The fall has already begun – our first wall of resistance has been breached. Intolerance has dealt a big blow on our social fabric – the recent exodus of North East Indians from major Indian cities is a very relevant example. We should hang our heads in shame for we could not assure the safety of fellow Indians who flee in their own country due to perceived threat on their lives. This is not the first instance though – earlier Biharis were driven from Mumbai, Karnataka & Assam as well. It is quite easy to pass the blame on the government/administration but in reality it is the failure of us as a society. The fact is that intolerance is slowly creeping in us. It has reached to that silly level where a Salman Khan fan would slam Shah Rukh Khan and vice versa – being a fan would mean ‘not watching’/slamming movies of competitor actors. It has also reached a point where genuine inquisitions/suggestions are abhorred by a team claiming to fight for restoring the spirit of democracy. We have taken a hit: The concept of co-existence which is central to the idea of India is now increasingly tested by the ‘You are either with me or with the enemy’ kind of rhetoric.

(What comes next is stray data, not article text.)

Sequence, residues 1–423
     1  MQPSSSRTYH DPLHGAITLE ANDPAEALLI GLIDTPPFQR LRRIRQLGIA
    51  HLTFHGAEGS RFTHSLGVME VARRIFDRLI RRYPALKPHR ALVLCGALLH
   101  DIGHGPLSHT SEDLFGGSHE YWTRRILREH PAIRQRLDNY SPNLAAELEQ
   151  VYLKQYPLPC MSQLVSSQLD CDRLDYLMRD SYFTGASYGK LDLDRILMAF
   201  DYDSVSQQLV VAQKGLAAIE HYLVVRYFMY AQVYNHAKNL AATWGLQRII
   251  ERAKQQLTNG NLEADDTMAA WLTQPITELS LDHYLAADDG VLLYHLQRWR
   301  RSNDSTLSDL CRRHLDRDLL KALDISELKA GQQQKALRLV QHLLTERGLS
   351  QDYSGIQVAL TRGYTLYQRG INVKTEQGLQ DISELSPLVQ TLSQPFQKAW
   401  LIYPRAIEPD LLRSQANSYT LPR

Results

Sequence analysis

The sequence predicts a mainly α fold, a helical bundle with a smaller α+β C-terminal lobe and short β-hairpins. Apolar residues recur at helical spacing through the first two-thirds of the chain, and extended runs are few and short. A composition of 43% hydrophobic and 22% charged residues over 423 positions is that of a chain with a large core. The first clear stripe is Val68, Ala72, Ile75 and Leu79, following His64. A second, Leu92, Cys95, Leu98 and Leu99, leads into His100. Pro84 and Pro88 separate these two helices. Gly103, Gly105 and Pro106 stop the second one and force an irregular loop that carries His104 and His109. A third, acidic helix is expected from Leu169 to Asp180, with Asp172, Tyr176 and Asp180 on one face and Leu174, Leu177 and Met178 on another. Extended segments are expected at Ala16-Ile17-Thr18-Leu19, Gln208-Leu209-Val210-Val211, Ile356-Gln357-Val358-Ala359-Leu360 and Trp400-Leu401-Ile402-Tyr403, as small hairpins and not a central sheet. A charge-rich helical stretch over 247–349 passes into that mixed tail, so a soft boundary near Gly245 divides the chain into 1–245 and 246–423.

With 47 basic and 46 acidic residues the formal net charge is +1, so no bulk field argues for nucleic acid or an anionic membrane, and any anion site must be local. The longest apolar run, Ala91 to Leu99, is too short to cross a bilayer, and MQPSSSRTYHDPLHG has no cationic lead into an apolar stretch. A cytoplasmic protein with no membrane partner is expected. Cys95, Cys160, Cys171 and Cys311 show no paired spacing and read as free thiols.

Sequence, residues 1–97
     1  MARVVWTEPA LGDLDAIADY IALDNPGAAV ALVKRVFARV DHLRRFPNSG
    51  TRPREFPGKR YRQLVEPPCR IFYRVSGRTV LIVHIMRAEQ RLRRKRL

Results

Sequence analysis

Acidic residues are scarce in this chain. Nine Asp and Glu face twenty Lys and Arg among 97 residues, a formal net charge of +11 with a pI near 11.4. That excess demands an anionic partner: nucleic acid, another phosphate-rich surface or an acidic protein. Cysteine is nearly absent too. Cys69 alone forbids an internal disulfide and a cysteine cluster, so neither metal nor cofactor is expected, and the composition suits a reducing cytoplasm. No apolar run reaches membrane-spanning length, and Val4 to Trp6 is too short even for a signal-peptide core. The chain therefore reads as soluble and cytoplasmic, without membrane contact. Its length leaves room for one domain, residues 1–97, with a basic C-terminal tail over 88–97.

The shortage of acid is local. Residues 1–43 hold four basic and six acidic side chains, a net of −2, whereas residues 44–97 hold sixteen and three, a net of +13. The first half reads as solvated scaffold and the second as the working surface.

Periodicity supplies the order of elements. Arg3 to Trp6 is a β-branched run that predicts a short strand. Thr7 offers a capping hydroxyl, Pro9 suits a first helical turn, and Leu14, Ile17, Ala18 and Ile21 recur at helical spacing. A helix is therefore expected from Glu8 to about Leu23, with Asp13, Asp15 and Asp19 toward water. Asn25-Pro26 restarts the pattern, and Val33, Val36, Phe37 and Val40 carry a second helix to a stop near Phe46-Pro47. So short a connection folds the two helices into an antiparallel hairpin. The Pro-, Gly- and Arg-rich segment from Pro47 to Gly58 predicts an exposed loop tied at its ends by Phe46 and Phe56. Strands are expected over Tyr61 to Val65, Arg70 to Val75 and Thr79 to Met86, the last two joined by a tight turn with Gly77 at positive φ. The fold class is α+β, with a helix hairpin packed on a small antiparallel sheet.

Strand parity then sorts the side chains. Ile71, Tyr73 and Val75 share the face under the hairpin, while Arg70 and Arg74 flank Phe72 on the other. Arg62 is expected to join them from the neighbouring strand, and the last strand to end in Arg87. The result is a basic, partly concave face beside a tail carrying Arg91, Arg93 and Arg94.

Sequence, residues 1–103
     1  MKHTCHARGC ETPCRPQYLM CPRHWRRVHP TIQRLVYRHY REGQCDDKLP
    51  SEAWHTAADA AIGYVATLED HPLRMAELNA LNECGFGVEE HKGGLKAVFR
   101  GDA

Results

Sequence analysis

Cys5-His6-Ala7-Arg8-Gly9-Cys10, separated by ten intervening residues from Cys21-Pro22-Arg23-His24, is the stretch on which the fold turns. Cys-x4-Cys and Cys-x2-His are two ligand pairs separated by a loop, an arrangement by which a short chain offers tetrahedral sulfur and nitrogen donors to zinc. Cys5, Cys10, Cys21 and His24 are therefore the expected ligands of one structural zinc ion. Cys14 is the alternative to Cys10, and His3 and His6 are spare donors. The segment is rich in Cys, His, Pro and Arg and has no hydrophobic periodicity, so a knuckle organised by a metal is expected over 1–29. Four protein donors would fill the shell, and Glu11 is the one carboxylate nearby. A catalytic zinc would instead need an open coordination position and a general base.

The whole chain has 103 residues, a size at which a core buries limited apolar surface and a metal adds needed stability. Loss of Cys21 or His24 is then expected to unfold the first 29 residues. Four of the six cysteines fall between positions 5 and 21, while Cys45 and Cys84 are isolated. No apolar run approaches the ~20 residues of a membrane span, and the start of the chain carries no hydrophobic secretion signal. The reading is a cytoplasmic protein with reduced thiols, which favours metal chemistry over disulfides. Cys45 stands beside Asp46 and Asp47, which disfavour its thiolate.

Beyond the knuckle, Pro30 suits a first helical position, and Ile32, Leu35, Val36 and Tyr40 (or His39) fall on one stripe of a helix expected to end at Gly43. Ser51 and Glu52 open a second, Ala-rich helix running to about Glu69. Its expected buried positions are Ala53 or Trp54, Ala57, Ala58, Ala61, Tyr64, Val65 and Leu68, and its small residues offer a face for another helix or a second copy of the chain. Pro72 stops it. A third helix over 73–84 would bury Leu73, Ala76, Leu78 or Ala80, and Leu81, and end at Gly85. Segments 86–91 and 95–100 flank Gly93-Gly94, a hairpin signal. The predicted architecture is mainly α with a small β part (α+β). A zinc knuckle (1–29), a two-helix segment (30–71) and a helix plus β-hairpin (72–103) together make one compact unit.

Indifference is also testing its water in India – Lack of probity in public life (central to the recent outburst against corruption) stems out from this very attitude. There are signs of eroding compassion in the society which is a scary thought to start with. Chetan Bhagat says in his latest book (I am still to read it) that Indian Youth is guided by Greed – Greed in itself is not bad but it has to be within a limit. This unchecked greed or ‘self-centeredness’ is somehow making us indifferent or is it the other way round? Whatever be the case, an indifferent society is not good news in any part of the world including India.
So, which direction India will take from now on? If you ask me, I am quite hopeful that we would be able to overcome the recent assaults on the idea of India. Why? Because we are a resilient nation and despite odds I believe that sense will prevail and we would work hard for the betterment of our country. Because, agreed we have taken a fall, I believe we fall for a reason. As explained brilliantly to Bruce Wayne by his father and later by Alfred in ‘Batman Begins’ – We fall so we can learn to pick ourselves up. This is brilliant opportunity to work towards building a better society and a better tomorrow. Also because I know a lot many people who are doing their bit for the society and are aspiring to contribute more in days to come. This alone is the biggest assurance that makes me think we will see through these dark days and emerge stronger.
The time has come to ‘pick ourselves up’ – and that would begin by defeating the current ‘hate propaganda’ against our fellow Indians.